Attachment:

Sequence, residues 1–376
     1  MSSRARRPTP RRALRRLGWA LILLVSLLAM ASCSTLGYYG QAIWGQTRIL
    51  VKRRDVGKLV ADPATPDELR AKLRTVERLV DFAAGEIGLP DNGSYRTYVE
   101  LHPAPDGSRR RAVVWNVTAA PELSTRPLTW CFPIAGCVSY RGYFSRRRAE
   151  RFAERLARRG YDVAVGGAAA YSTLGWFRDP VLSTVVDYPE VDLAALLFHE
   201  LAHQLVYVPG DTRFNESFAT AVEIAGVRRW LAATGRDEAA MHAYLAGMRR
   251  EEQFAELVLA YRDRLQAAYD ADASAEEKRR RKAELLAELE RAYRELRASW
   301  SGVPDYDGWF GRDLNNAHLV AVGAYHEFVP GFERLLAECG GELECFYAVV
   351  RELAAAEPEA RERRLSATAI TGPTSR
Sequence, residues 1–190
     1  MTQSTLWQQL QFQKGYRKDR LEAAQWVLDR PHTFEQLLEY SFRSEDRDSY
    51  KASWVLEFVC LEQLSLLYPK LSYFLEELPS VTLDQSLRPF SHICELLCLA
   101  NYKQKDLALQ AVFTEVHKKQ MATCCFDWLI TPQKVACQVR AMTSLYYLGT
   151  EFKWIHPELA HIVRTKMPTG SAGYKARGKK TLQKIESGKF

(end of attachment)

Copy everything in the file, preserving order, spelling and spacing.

Sequence, residues 1–376
     1  MSSRARRPTP RRALRRLGWA LILLVSLLAM ASCSTLGYYG QAIWGQTRIL
    51  VKRRDVGKLV ADPATPDELR AKLRTVERLV DFAAGEIGLP DNGSYRTYVE
   101  LHPAPDGSRR RAVVWNVTAA PELSTRPLTW CFPIAGCVSY RGYFSRRRAE
   151  RFAERLARRG YDVAVGGAAA YSTLGWFRDP VLSTVVDYPE VDLAALLFHE
   201  LAHQLVYVPG DTRFNESFAT AVEIAGVRRW LAATGRDEAA MHAYLAGMRR
   251  EEQFAELVLA YRDRLQAAYD ADASAEEKRR RKAELLAELE RAYRELRASW
   301  SGVPDYDGWF GRDLNNAHLV AVGAYHEFVP GFERLLAECG GELECFYAVV
   351  RELAAAEPEA RERRLSATAI TGPTSR
Sequence, residues 1–190
     1  MTQSTLWQQL QFQKGYRKDR LEAAQWVLDR PHTFEQLLEY SFRSEDRDSY
    51  KASWVLEFVC LEQLSLLYPK LSYFLEELPS VTLDQSLRPF SHICELLCLA
   101  NYKQKDLALQ AVFTEVHKKQ MATCCFDWLI TPQKVACQVR AMTSLYYLGT
   151  EFKWIHPELA HIVRTKMPTG SAGYKARGKK TLQKIESGKF